Challenges arise in everyone’s life. Knowing how to face them and how to learn from them separates those who overcome a challenge from those who do not.
I proudly swim for the University of Georgia, which happens to be one of the foremost dominant programs in the nation, winning two NCAA championships in the past three years. Being a student-athlete at UGA, I know that challenges are present every day, whether in the form of a practice that appears insurmountable or studying for a dreaded exam.
Facing certain challenges can cause stress and frustration, which I have recent experience in. This past December I underwent surgery on my right shoulder and nothing has been more frustrating than coping with the injury before surgery and with the recovery process that ensued. Despite the irritating frustration and incredible challenge, this experience has been the most rewarding in my life thus far.
Throughout the many sports that I’ve participated in, including track and tennis, I had only ever been injured once with stress fractures. That changed during the summer of 2014 over Fourth of July weekend. I rarely go to lakes or do things that could potentially harm my being an athlete, but that weekend I decided to have some fun and go to my friend’s lake house.
Though I only went inner-tubing twice over the three days of being there, that second time was enough to cause an injury. Though I didn’t want to admit it, I remember feeling a jerking within my shoulder when I tried to hang onto the inner-tube while the speedboat flung me into the air off a wave.
The rest of the weekend I just “relaxed” on the boat while trying to shake off the dull throbbing pain in my shoulder. If you don’t know anything about the sport of swimming, just know that having any shoulder injury is very bad.
Swimmers complete miles in the pool every day with a constant repetitive rotation of our shoulders, which puts a lot of stress on the joint and surrounding muscles. Any injury, however minor, is a threat to a swimmer’s career.
After that weekend, I spent about a month modifying my training in order to tolerate practices. Unbeknownst to me, my bicep tried compensating for the lack of strength in my shoulder; so when I went to see a doctor, I was diagnosed with having bicep tendonitis, which was true, but not the main problem.
During those weeks I took time out of the pool solely to rehab my bicep tendon. By the time I arrived to UGA, the tendonitis was much better, but not gone. Furthermore, right when I started practicing with the team my shoulder immediately flared back up, and my tendon was still a bit inflamed. No amount of rehabilitation was able to improve my shoulder, so in early September I went in for an MRI.
Turns out I had distal clavicular osteolysis from separating my AC joint. The only logical response to this was to say that I did it on that inner-tube on July 4th. I knew that because the pain started from that day forward.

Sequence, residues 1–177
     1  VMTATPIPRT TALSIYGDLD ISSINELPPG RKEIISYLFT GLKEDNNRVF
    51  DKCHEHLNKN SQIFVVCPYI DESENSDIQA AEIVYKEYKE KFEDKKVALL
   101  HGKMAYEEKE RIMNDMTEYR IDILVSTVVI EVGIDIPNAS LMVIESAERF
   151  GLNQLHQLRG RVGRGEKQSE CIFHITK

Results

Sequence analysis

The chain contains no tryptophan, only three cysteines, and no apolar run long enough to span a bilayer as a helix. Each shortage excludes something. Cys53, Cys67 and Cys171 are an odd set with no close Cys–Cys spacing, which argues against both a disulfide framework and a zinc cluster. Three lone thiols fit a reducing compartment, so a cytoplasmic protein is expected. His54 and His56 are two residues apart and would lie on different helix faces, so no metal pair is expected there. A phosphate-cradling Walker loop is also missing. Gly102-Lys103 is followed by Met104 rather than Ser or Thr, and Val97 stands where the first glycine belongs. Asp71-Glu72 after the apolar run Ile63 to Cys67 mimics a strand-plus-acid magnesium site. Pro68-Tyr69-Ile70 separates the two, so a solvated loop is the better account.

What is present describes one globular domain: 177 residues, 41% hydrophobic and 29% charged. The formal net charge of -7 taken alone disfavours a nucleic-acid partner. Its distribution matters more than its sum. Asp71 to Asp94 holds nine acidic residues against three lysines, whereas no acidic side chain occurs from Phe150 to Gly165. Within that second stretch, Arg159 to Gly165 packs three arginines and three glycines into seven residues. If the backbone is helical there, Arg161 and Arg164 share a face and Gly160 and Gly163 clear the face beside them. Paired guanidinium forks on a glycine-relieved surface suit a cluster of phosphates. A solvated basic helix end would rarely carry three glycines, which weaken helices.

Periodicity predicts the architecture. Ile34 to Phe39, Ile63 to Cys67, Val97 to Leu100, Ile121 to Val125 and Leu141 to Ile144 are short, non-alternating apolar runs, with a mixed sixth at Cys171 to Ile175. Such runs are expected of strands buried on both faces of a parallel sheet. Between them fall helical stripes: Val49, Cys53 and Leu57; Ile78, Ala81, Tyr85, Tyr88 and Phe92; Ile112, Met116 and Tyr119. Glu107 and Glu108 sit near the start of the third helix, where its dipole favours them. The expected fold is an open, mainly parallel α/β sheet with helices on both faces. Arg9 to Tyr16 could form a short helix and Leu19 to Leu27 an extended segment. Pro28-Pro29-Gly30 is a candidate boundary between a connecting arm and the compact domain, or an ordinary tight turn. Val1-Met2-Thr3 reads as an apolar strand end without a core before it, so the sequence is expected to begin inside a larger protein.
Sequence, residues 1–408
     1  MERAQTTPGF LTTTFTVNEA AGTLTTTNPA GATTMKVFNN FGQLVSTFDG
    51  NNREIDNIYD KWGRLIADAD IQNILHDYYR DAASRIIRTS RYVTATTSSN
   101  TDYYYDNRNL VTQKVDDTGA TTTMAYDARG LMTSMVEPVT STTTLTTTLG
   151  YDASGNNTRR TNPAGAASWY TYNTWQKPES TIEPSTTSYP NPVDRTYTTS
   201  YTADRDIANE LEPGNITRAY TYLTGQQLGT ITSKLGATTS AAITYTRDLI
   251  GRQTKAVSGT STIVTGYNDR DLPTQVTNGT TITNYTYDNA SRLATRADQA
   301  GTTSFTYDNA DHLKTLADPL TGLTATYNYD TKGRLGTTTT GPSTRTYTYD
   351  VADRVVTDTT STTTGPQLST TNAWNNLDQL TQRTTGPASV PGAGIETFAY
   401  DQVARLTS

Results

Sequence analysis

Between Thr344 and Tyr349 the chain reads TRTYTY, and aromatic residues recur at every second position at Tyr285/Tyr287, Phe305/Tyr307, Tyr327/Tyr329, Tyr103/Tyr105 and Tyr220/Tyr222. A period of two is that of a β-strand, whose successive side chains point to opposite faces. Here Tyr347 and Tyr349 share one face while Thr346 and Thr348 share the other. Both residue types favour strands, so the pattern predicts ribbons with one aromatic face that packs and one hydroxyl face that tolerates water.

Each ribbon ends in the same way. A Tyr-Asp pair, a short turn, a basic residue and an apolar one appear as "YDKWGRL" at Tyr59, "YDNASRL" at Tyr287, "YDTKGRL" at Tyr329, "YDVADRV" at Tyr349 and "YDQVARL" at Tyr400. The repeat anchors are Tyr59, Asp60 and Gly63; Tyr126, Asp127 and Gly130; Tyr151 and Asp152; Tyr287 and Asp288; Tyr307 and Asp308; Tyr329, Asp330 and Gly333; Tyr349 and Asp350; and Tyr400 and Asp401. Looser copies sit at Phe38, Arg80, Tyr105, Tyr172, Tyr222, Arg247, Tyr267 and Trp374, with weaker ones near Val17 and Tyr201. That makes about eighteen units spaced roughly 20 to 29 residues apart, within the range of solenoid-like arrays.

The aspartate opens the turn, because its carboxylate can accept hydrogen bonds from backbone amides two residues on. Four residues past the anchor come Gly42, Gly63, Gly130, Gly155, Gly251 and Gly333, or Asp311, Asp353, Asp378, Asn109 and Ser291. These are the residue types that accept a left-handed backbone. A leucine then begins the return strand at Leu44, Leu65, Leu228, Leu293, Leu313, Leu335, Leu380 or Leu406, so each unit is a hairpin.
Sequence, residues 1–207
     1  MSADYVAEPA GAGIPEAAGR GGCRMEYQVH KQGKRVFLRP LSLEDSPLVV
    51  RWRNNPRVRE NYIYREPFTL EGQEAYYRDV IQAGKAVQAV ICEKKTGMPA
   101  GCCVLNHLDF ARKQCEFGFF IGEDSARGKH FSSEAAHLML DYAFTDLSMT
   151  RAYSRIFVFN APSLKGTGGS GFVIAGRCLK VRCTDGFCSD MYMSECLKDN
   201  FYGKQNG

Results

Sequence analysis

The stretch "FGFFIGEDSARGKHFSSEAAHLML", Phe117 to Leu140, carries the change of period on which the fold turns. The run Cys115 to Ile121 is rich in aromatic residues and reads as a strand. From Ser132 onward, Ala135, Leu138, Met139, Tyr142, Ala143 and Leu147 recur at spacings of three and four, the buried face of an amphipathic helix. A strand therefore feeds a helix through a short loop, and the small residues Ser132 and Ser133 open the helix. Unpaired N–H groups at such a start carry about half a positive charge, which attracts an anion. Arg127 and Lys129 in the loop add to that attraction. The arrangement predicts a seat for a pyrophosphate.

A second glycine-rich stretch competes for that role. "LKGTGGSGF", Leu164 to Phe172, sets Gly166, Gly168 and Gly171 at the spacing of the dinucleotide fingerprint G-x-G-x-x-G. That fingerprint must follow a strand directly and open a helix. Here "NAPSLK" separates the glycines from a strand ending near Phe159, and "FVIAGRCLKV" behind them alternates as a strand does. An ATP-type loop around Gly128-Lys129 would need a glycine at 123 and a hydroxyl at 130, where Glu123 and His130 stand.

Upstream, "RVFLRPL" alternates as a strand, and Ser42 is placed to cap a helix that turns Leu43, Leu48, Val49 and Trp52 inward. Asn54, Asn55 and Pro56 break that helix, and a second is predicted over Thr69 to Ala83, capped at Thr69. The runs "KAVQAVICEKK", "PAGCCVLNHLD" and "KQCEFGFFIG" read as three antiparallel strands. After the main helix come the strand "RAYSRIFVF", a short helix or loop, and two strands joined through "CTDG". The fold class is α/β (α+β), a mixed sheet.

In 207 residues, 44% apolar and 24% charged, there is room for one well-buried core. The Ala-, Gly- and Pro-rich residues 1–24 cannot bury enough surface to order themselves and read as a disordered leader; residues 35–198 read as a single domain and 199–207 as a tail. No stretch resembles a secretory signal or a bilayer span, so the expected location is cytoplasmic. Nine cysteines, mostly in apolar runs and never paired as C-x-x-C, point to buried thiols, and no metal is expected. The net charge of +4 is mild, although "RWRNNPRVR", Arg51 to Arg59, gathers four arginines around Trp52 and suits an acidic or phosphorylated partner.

From the separation and osteolysis, I had bone spurs that took up the majority of my joint space, causing a bone-on-bone grinding action every time I moved my arm in the pool. This explained why my shoulder hurt every time I took a stroke at practice.
With this injury, surgery was the only way it could be fixed. This fact frustrated me more than anything. Coming into UGA, I had the mindset of training harder than ever in order to improve in my sport and in my overall health. However, my shoulder inhibited me from doing that. I couldn’t give 100% because my shoulder wouldn’t allow it.
Since my shoulder restrained me, I was held back from competition throughout the fall. To me, nothing is more frustrating than being restricted. Seeing my team train and compete without me was defeating. As a temporary solution, I received a cortisone injection into my AC joint. After that didn’t help, I faced the inevitable and decided to schedule shoulder surgery, knowing my first season would be a flop.
Luckily, my coaches graciously allowed me to take a medical redshirt, which would save my first year of eligibility, giving me the opportunity to start anew as a freshman in the fall of 2015. Knowing this gave me some of my inner peace back while trying to cope with the recovery process. After having surgery in December 2014, I came to discover many things about myself and about my sport, which I would have only known through this injury.
One’s sport should be a stepping-stone into learning and preparing for later things in life. Being an athlete requires one to overcome difficult practices, recover from a failure, manage success with humility, and understand time management. I’ve always had good time management, but with my injury I had more free time than ever, and I realized how easily I could take my free time for granted.
Instead of using time to study, it could casually be thrown away by watching TV, partying, or just simply procrastinating. I wasted some of this time by doing those things, discovering later that the new extra time that I had was an opportunity to improve.
Having this extra time, I dedicated much of it to my studies and improved my grades as the semester went on. My injury, therefore, taught me how to manage my time more efficiently and delegate more of it to studying.
I realized what my actual goals were in life (at least for now). Being injured is awful, but it made me realize how badly I wanted to improve as an athlete. From December to March, I couldn’t swim. Before my injury, the longest time I had been out of the water from training was two weeks, so this lapse in my training was extremely tough to adjust to.